I know all too well that planning meals ahead of time, doing the grocery shopping in bulk, and even cooking in advance, are the easiest paths to a stress-free suppertime, but being organised often takes time and time is a scarce commodity when there is a toddler and newborn in the equation. And so I often find myself at the supermarket without a clue as to what to cook for dinner, except that I am relieved to have arrived there with both kids still alive. But then begins the mad dash to complete the grocery shopping before one or both kids decide that the cramped fruit and veg section is the appropriate forum to suddenly air their wailing complaints. This often means quickly filling the shopping basket with familiar foods which I know I can randomly throw together to create a meal, and the most common protein I turn to is chicken.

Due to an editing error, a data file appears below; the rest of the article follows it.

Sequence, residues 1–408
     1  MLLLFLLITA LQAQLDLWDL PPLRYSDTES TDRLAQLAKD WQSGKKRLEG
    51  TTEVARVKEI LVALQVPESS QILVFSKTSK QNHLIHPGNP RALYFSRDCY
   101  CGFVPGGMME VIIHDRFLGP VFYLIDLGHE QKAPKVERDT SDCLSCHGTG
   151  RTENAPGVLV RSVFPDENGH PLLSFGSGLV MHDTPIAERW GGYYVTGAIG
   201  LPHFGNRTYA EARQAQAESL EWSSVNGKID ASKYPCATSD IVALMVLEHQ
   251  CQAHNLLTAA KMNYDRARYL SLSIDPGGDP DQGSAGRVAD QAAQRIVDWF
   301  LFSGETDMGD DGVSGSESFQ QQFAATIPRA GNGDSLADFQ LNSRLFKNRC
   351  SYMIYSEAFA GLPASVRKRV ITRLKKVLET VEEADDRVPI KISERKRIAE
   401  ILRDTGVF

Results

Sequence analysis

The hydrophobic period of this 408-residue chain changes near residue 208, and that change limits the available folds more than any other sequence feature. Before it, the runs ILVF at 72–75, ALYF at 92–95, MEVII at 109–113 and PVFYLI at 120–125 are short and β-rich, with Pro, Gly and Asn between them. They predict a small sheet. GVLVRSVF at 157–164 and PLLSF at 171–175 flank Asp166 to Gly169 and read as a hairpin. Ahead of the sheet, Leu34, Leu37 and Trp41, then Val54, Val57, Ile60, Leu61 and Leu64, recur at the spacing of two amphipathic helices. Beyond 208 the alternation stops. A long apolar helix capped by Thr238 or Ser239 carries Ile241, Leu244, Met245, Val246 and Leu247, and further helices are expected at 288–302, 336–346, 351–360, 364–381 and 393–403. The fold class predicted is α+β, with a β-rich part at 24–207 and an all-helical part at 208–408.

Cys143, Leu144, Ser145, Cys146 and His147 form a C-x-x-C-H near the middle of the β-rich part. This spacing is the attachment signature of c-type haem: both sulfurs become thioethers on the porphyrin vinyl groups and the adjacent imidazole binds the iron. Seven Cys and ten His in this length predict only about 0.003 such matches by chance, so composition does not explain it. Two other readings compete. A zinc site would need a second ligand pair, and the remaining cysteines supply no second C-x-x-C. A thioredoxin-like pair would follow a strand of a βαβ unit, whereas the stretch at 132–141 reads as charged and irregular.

It is a rare occasion for us to celebrate Christmas in Zurich, a rather welcome change as it has given me the opportunity to cook on Christmas Day, something which might prompt fear and dread in most people but has instead filled me with glee as the Christmas season started to approach.
My mother used to cook a lot with chicken wings when I was younger. I’m not sure if it was just because they were cheap, or if she merely enjoyed cooking them. I certainly enjoyed eating them. She would sometimes make soups and broths using just chicken wings, but often she would marinate them in lemongrass, chilli and garlic before grilling them until they were bronzed and crispy. Just how I would like them.
A fragrant and soul-soothing beef pho is often what I crave when only a steaming bowl of noodle soup will do. But when time is sparse and I don’t have 3 hours to potter about in the kitchen, a chicken pho is a rather wonderful alternative.